Though the protest led by late Saro Wiwa in 1993 forced SPDC out of that land, government and private-owned (SPDC) pipelines, carrying oil to the country’s export terminal — where Nigeria earns up to $230.65million monthly from crude oil sales — still intermingles with the communities. The pipelines pass through through their creeks, balconies and farmlands. But there are no pipelines carrying water into their homes.




This reporter visited Nisisioken Ogale, another part of Ogoniland spewing with affluence, where community members were so eager to show the kind of water in their wells. However, for some houses, the water in the wells had been  blackened by oil. Noble Nwolu, a youth leader in the community, said there is no place in Ogale where you can find good drinking water.

“No borehole is useful here. Some people, ignorantly, are still drinking this water, use it to cook, wash their vegetables, cups and spoons, so they still come in contact with it,” Nwolu said.

Ogale is situated in Eleme local government area — the home of Nigeria’s first refinery and largest export seaport. The affluence flowing out of this land does not flow into the homes of the host community. Rather, what flows into their homes is oil-laden water.


Dooh: Government has the resources but no political will

“We experience a lot of strange diseases as a result,” Nwolu continued. “There is one very peculiar one; it is not found anywhere apart from here. It happens amongst women above 60 years. They call it ‘pepper body’. They will constantly feel heat all over their bodies. It is just as if someone rubbed pepper on your body and when the weather is hot, they can’t wear clothes.”

In 2011, a report by the United Nations Environment Programme (UNEP) red-flagged one of the Ogoni communities as needing emergency action. The report reads: “Of most immediate concern, community members at Nisisioken Ogale are drinking water from wells that are contaminated with benzene, a known carcinogen, at levels over 900 times above the World Health Organization (WHO) guideline. This contamination warrants emergency action ahead of all other remediation efforts.”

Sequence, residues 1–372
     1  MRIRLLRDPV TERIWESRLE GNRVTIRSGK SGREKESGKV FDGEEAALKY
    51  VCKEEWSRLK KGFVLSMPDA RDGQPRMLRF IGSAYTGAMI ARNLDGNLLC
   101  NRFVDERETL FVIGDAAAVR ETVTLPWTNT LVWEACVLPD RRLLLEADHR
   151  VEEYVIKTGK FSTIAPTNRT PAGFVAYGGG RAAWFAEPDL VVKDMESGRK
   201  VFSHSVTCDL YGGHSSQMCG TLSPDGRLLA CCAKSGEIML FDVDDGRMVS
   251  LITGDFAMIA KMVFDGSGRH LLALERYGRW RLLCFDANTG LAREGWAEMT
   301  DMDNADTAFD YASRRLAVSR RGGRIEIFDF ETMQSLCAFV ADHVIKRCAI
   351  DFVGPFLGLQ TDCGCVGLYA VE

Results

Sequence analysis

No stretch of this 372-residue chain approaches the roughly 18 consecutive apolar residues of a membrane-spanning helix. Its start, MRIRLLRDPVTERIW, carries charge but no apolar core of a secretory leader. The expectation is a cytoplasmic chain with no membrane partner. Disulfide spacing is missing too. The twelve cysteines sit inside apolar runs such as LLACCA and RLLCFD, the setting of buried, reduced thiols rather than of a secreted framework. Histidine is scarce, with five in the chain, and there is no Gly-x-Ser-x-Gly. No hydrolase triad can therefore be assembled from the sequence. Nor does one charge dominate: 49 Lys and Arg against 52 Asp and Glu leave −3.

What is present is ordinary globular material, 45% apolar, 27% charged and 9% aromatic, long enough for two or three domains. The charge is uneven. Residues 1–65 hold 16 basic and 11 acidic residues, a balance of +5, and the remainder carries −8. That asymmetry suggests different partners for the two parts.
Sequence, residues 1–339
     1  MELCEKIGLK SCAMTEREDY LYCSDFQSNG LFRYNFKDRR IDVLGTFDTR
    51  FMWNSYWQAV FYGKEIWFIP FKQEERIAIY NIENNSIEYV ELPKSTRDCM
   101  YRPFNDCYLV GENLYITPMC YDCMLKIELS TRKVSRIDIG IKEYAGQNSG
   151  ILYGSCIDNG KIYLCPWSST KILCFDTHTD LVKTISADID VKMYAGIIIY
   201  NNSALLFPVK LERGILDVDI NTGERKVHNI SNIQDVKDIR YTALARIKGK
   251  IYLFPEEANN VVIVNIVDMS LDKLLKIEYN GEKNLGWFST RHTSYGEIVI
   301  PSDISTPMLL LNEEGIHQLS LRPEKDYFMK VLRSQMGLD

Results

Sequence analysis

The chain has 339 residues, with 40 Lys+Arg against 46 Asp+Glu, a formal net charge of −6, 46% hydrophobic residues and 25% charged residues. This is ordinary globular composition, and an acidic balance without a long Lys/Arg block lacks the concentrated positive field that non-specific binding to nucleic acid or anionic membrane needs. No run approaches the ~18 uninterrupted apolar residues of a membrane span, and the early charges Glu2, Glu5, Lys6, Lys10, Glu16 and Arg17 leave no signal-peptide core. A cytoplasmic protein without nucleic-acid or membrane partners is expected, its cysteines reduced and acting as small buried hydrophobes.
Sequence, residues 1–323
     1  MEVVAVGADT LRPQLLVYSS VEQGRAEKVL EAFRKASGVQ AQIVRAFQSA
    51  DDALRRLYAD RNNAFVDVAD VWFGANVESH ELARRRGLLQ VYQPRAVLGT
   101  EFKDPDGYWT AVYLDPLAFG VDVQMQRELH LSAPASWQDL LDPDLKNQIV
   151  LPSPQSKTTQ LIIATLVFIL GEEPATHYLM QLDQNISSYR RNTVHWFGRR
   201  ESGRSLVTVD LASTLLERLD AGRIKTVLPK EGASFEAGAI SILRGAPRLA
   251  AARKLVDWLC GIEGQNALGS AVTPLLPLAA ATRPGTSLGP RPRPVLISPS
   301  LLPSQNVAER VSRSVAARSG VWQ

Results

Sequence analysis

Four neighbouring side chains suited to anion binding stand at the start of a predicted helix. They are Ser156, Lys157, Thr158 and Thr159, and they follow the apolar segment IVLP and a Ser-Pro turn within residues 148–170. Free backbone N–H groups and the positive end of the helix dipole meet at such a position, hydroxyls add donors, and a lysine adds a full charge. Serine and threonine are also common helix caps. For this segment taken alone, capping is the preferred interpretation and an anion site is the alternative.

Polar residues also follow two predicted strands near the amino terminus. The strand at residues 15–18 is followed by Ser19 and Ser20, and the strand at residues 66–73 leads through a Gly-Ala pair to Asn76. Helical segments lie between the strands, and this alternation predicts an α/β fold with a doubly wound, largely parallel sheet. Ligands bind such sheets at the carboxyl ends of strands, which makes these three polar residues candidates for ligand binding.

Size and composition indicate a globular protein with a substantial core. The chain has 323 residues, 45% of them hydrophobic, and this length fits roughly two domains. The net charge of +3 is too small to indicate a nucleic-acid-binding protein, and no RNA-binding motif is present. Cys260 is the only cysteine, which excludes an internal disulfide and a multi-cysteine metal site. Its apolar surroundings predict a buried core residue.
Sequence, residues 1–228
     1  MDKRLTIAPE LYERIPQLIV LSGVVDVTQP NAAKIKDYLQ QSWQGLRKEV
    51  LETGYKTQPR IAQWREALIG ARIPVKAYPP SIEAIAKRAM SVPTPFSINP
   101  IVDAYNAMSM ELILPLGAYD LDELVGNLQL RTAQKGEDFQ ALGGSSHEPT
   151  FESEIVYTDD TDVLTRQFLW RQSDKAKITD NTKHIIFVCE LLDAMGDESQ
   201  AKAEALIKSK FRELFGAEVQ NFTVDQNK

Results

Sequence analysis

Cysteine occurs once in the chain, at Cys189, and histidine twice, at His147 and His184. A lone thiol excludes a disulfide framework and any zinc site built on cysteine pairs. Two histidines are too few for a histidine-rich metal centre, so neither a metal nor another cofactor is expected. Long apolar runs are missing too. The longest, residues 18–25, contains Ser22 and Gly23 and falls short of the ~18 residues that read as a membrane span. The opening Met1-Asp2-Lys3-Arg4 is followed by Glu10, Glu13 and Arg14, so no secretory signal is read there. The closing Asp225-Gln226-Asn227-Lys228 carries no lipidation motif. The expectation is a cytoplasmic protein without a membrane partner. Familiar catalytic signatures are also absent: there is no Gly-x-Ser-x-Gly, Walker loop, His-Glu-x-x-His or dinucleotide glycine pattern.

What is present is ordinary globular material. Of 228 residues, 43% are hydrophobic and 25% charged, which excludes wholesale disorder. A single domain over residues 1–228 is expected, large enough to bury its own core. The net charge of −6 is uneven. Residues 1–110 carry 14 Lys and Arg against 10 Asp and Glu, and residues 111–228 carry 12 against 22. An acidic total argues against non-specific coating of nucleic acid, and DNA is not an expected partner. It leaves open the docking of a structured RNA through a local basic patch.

The report further stated that hydrocarbon contamination was found in water taken from 28 wells at 10 communities adjacent to contaminated sites. At seven wells, the samples are at least 1,000 times higher than the Nigerian drinking water standard.


When TheCable visited, it was crystal clear that nine years after, contrary to UNEP’s recommendation to provide eight emergency measures, which included the provision of alternative water supply and a health registry, the people still drink poisonous water and are dying of diseases they sometimes explain as the result of a spiritual or diabolic attack.



Water drum vandalised by restive youths

Walking through the streets of Ogale, one could see several failed attempts at providing sustainable drinking water for the people. Residents told TheCable that most of the borehole water pumps run dry shortly after being commissioned. Monday Bari, a resident, said some politicians come and sink some boreholes just to get voted into office, adding that the lifespan of such boreholes is as short as the number of hours they spend taking their oath of office.

A set of dry, rusty taps was seen at the site of one NNPC water project on Alueken Farm road in Ogale. Moving a few metres away from there is a big black fallen tank which the villagers said was vandalised by restive community youth.